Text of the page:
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A short history of the United Arab Emirates

Palace Fort of Abu Dhabi

The United Arab Emirates is a federation of seven emirates in the Arabian Peninsula on the Persian (or Arabian) Gulf; it has borders with Saudi Arabia and Oman. The seven states or emirates are Abu Dhabi, Dubai, Sharjah, Ajman, Umm al-Qaiwain, Ra's al-Khaimah and Fujairah. Its capital and second largest city of the United Arab Emirates is Abu Dhabi; the president of the federation is the Emir of Abu Dhabi, presently Sheikh Khahlifa bin Zayed al-Nahyan and the Prime minister is the Emir of Dubai, Sheikh Mohammed bin Rashid al-Maktoum. The country has seen massive recent changes: towns that were little more than a collection of huts around the fort of the ruler transformed into gleaming cities with skyscrapers within one generation. There are about 6 million people, of which just under 20% are Emiratis: the majority of the population consist of migrants, many involved in the building boom.

Sand dunes, Abu Dhabi

There are traces of human habitation dating back to 5500 BCE. There was contact with the outside world, in particular trade relations with Persia; the camel was domesticated at the end of the second millennium BCE which facilitated foreign trade. There was also trade by sea, with places as far away as India and China. The region converted to Islam when envoys from the prophet Mohammed arrived here in the year 630. In the early 16th century the Portuguese arrived and controlled much of the region for 150 years; during the 16th century portions of it came under influence of the Ottoman Empire and also Omanis and Persians had influence. But the real power remained in the hands of the local sheikhs. Gradually the two main clans came to be the Bani Yas, a Bedouin tribe from Liwa Oasis in the interior and the Qawasim, the ruling dynasty of Sharjah and a seafaring clan based in Ra's Al-Khaimah.

Dhows along Sharjah Creek

The Qawasim were arch-rivals of the Al-Busaids, a clan based in Oman who also wanted to control this part of Arabia. In 1798, the British signed an agreement with the Al-Busaids that would assist to keep the French out of the area and strengthen British claims to India. However, this deal with the Al-Busaids made Britain part of the enemy as far as the Qawasim were concerned and from then on ships of the British East India Company were attacked and pillaged at every opportunity by Qawasim raiders. This stretch of coast therefore came to be known in Britain, India and beyond as the "Pirate Coast". The Royal Navy launched campaigns and raids against the Qawasim in the early 19th Century, but with little effect: the people knew the area and there were many hideouts along the coast and as far away as Persia.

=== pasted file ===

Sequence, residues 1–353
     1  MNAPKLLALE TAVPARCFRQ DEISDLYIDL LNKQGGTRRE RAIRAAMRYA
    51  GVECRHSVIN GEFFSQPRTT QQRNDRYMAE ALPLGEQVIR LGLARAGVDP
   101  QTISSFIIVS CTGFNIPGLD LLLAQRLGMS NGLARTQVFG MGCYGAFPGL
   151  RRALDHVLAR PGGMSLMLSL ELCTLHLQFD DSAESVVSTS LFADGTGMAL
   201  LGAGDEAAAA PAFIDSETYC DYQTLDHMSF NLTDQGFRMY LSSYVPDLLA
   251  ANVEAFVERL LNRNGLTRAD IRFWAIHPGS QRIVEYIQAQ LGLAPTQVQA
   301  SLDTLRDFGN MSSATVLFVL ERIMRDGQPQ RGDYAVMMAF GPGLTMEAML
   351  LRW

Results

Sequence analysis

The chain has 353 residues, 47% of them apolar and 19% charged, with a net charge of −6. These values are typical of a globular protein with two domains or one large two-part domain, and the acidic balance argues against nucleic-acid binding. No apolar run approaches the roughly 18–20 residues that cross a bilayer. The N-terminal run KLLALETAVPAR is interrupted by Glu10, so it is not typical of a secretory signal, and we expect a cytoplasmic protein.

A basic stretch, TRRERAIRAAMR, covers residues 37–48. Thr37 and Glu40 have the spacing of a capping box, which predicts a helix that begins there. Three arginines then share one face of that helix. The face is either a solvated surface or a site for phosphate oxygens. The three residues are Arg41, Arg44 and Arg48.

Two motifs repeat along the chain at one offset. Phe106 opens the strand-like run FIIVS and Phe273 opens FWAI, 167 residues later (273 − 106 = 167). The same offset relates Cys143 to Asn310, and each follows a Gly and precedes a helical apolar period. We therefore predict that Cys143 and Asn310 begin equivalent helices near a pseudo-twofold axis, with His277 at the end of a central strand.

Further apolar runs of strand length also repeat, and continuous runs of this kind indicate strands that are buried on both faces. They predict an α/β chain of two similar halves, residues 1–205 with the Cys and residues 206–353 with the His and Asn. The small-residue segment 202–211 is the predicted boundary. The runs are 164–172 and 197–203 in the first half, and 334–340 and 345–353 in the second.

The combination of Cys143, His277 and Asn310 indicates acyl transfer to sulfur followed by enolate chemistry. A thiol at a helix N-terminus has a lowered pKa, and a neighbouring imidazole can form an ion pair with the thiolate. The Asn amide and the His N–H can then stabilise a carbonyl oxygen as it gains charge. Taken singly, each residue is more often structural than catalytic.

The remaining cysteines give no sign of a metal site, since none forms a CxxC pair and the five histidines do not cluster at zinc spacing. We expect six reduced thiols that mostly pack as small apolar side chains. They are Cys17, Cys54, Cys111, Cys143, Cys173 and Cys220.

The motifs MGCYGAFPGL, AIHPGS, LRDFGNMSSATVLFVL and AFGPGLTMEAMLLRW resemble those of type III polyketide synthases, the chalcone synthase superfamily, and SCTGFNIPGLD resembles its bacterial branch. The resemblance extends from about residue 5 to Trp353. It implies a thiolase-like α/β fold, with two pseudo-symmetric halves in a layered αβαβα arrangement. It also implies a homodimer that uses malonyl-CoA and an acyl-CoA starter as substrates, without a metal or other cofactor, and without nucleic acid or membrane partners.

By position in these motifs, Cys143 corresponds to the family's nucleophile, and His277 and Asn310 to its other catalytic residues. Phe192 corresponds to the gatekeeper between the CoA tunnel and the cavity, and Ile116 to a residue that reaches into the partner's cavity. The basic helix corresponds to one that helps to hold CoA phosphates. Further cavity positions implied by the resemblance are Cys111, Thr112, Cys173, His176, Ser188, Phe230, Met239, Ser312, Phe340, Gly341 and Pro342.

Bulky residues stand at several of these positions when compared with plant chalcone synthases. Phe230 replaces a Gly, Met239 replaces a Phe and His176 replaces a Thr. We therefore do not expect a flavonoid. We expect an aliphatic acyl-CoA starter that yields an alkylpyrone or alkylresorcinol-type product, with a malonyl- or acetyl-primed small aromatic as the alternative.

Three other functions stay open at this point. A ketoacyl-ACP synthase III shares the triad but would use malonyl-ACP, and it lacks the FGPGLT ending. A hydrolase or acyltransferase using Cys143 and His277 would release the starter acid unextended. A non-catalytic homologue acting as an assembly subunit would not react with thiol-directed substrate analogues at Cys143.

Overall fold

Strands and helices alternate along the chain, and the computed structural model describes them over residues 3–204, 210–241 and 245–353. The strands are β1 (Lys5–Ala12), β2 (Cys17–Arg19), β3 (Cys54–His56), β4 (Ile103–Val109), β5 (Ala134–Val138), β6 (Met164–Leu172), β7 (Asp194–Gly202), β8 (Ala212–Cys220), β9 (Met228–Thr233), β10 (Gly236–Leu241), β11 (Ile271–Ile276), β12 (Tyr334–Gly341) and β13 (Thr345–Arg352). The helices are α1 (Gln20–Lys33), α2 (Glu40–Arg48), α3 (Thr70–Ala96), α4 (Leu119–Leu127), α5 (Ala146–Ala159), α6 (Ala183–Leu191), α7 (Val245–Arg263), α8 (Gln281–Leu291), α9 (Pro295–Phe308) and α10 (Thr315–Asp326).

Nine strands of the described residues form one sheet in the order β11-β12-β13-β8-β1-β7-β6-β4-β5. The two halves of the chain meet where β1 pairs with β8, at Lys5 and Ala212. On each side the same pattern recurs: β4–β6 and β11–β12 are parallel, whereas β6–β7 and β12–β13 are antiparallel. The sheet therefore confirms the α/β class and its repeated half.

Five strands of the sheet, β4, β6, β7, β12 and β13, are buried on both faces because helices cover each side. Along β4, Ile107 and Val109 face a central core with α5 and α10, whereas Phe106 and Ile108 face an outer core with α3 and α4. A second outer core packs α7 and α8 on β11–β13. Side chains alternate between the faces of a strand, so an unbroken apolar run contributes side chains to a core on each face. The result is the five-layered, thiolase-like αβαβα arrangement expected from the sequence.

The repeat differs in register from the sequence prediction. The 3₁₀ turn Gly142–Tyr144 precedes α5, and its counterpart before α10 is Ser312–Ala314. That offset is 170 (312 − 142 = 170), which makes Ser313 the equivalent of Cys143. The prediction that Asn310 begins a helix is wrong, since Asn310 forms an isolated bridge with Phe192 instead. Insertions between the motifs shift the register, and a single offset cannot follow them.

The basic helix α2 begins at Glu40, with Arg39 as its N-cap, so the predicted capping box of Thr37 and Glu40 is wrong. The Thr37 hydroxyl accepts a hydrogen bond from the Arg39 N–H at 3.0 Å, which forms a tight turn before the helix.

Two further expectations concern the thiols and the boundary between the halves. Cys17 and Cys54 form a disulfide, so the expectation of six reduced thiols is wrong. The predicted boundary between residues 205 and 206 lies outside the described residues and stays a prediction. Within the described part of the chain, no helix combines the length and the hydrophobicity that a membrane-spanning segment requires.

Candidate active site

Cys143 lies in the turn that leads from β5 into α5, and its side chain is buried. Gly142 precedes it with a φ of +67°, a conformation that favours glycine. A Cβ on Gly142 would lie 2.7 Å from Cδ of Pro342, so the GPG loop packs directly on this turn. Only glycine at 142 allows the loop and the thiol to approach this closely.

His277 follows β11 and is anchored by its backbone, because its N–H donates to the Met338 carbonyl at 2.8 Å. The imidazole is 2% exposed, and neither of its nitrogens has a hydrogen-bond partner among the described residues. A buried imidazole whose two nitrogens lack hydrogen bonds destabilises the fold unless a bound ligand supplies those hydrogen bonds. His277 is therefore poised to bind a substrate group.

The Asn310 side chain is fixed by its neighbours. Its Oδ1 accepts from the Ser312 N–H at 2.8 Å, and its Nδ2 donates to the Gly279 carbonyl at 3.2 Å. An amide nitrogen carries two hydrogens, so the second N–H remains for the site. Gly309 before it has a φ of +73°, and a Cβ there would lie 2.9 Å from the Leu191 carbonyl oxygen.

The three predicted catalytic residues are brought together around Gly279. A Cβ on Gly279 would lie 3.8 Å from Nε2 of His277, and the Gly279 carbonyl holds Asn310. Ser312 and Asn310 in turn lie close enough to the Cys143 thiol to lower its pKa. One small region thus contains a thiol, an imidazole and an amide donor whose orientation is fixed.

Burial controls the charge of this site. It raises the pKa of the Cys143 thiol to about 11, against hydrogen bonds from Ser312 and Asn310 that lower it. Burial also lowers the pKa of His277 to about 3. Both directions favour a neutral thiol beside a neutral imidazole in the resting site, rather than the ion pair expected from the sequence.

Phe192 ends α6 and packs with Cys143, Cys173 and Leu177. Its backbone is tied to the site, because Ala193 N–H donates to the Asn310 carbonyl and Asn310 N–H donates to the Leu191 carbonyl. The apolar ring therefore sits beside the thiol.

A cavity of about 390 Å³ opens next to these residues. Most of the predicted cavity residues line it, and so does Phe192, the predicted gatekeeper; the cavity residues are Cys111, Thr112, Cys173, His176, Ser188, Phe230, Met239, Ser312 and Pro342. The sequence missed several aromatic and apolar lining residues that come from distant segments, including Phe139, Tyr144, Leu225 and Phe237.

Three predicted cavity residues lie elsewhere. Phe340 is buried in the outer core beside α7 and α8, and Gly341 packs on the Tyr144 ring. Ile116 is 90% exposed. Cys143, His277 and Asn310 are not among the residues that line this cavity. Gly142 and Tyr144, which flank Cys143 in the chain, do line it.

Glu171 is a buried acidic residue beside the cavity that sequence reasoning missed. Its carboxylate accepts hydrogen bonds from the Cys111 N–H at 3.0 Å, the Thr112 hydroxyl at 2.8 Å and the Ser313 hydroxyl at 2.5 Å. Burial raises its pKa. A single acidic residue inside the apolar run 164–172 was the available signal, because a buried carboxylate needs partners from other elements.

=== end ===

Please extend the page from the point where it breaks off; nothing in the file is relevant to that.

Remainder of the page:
Ra's al-Khaimah Fort

But then in 1819 the British dispatched a large fleet from Bombay and within a year they had destroyed and captured every Qawasim ship that it had come across and occupied all the major forts in the area, including Ra's al-Khaimah. Then in 1820 the British imposed a General Treaty of Peace on nine Arab sheikhdoms in the area and installed a garrison. As there were often violent disputes between sheikhs and still occasional raids on ships, this was in 1835 upgraded to the Maritime Truce in which sheikhs agreed to stop all hostilities at sea. It was revised in 1839 to include the forceful banning of slavery and further revised and upgraded in 1853 to the "Treaty of Peace in Perpetuity" under which the British would arbitrate in any disputes between the Sheikhs of the area. This final truce gave the region its name for the next 120 years: Trucial Oman or the Trucial Coast.

Mosque of Nahwa

During the nineteenth and early twentieth centuries, the pearling industry was very important in the region. The First World War had a severe impact on pearl fishery, and the economic depression and the Japanese invention of the cultured pearl all but destroyed it. Then the discovery of oil was to change everything. The first oil concession was from the poorest of the sheikhdoms, Abu Dhabi, to the British owned Iraq Petroleum Company in 1939. It needed Trucial Omani troops, commanded by British officers, to settle a border dispute with the Saudis before oil could be pumped. But a much larger oil field was discovered offshore and exports began in 1962. Abu Dhabi soon became the leading Sheikhdom in the Trucial States.

Skyscrapers in Dubai

In 1960 the Trucial States Council was formed and in 1968 it was announced by the British they would completely withdraw from the Gulf region within three years. The British tried to unite the seven Trucial states with Bahrain and Qatar, two other British protectorates to the north west. But in negotiations the respective rulers could not agree on boundaries or political representation. Bahrain and Qatar opted out and became independent nations in 1971. The rulers of Abu Dhabi and Dubai then decided to form a union between their two emirates independently, prepare a constitution, then invite the rulers of the other five emirates to a meeting and offer them the opportunity to join. On 2 December 1971, at the Dubai Guesthouse Palace, four other emirates agreed to enter into a union called the United Arab Emirates. Ra's al-Khaimah joined soon after, on 11 February 1972.